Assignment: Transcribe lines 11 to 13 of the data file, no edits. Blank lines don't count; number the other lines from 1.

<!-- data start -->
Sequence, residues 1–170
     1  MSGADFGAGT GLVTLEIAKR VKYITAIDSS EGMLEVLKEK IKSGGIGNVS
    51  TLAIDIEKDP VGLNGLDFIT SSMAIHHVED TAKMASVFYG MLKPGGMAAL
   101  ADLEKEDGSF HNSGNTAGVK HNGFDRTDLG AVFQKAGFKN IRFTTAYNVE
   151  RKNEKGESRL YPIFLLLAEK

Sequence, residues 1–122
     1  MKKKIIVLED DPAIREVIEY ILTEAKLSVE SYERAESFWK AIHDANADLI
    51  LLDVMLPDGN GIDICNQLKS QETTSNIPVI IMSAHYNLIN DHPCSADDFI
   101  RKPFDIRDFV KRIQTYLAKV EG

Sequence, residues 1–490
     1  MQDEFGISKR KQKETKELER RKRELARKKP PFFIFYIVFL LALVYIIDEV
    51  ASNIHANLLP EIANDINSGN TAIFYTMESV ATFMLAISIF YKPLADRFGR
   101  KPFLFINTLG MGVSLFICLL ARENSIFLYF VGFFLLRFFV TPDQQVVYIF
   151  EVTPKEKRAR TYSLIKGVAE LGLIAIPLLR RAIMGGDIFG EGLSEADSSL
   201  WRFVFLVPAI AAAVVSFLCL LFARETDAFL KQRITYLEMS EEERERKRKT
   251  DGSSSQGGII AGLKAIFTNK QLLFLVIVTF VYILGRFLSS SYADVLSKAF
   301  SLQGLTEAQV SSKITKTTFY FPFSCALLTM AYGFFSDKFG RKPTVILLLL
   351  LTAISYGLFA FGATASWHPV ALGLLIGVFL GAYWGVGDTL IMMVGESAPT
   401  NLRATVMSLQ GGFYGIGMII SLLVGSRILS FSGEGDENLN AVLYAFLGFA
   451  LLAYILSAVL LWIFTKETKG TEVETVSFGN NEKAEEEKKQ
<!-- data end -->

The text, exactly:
     1  MQDEFGISKR KQKETKELER RKRELARKKP PFFIFYIVFL LALVYIIDEV
    51  ASNIHANLLP EIANDINSGN TAIFYTMESV ATFMLAISIF YKPLADRFGR
   101  KPFLFINTLG MGVSLFICLL ARENSIFLYF VGFFLLRFFV TPDQQVVYIF